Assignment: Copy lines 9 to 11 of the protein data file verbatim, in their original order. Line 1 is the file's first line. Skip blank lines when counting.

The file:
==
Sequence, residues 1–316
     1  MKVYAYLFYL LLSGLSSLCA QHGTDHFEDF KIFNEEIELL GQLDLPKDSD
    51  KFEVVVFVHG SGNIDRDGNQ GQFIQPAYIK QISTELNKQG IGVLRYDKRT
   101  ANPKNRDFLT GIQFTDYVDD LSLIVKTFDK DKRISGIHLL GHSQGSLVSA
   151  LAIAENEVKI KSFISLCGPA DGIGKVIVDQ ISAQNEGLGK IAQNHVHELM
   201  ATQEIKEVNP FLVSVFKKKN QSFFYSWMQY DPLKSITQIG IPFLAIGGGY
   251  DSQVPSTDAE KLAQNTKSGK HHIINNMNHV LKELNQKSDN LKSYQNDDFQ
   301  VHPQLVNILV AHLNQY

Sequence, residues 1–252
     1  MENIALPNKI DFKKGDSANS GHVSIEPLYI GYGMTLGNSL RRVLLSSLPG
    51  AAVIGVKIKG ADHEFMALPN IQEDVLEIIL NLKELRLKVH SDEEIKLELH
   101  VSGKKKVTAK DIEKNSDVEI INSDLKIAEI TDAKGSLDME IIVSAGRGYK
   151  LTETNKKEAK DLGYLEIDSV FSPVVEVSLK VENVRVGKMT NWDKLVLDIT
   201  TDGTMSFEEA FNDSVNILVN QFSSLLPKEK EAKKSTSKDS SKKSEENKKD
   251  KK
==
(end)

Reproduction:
Sequence, residues 1–252
     1  MENIALPNKI DFKKGDSANS GHVSIEPLYI GYGMTLGNSL RRVLLSSLPG
    51  AAVIGVKIKG ADHEFMALPN IQEDVLEIIL NLKELRLKVH SDEEIKLELH